You’ll appreciate the downtime in the future, so you can either catch up on work that was missed or take some time to relax and focus on refreshing your mind/body.
And…that’s WHY you need someone to help you with all the many things on your to-do list. Allow me to offer you some Time Freedom in YOUR Business!
Contact me here – I would love to help you – every step of the way!
Do you have the right perspective? Want to know what keeps a lot of service providers and coaches from charging what they’re really worth?
It’s that all-too-common belief that “I am not a salesperson.” Combine that with a healthy dose of “It’s rude to discuss money,” and you can see why it’s just easier to keep your rates low.
It’s time to think of your services from a different perspective!
Not only will you see things in a clearer light, but selling suddenly won’t feel so…salesy.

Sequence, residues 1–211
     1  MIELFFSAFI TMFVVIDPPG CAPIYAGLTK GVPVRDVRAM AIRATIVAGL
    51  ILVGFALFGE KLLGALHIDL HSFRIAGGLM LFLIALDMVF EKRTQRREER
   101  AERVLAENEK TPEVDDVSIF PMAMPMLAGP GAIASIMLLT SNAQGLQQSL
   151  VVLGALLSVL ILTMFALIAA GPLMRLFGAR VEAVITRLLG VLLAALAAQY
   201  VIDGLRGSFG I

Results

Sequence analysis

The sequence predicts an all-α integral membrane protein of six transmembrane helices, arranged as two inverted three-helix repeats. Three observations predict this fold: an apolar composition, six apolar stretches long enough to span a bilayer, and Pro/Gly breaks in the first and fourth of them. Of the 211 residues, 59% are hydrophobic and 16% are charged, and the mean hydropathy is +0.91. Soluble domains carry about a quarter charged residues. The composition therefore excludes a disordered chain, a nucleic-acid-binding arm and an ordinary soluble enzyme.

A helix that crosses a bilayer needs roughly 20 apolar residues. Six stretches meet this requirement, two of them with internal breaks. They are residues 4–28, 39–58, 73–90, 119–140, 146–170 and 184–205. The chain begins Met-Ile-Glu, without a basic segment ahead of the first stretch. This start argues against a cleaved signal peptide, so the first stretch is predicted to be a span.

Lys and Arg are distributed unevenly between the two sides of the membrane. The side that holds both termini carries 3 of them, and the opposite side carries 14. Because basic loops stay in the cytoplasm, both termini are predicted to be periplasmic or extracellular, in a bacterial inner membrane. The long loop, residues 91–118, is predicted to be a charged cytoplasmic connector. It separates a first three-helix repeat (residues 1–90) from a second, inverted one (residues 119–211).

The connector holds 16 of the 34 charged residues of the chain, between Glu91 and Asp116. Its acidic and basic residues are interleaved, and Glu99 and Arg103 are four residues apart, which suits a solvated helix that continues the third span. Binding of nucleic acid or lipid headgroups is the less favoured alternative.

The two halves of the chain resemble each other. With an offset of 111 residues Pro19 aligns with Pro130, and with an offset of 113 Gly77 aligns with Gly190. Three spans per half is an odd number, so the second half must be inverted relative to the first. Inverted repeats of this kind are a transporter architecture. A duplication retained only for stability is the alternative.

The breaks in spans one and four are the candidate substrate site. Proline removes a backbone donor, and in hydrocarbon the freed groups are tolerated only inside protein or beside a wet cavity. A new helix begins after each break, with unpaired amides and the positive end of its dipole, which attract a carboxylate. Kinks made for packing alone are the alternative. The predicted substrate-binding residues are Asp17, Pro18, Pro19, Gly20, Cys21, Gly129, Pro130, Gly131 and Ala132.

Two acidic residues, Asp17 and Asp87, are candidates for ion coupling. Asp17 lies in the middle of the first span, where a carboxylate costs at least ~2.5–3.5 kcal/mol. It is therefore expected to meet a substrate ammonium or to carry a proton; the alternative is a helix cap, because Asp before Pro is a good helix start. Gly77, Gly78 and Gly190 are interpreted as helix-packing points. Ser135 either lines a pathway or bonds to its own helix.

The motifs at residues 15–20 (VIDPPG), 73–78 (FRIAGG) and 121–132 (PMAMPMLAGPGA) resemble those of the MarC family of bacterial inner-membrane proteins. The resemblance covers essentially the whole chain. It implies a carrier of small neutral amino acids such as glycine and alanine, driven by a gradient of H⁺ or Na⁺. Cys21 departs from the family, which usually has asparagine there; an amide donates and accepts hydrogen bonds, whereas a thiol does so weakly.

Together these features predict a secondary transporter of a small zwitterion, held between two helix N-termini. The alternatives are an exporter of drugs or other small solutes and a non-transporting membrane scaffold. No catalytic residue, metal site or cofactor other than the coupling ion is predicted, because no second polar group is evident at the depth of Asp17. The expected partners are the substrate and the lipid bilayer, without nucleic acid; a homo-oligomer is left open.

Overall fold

Here’s how traditional pricing discussions go which is soooo boring!
You talk to a potential client, and you explain what you can offer, how your coaching or service works, what he or she can expect (how many calls/emails, phases of work, length of contract), etc. And then you say, “My rate is $XXX.00.” OMG – simple right?
Your client either says yes, no or (the kiss of death) maybe. LOL…
So now…Let’s turn that around and rather than focus on what he or she will get from YOU, take a look at what she will achieve when she hires you.
For a business coach, this is easy. Talk money!
How much more profit will your client make when she hires you?
If your coaching fee is $1,000 per month, but you can show her how to increase her sales by $3,000 per month, then your price is inconsequential. She’ll earn it back three times over, not only while you’re actively coaching her, but for the rest of her business life.
Now, who wouldn’t jump on that with both feet? I know I would if I was looking for a coach!
What you’re doing here is not talking about the cost of your coaching, but rather the cost of not hiring you. Because if she doesn’t work with you, she’s losing $3,000 per month. See how that works?
What about other kinds of coaches or service providers though?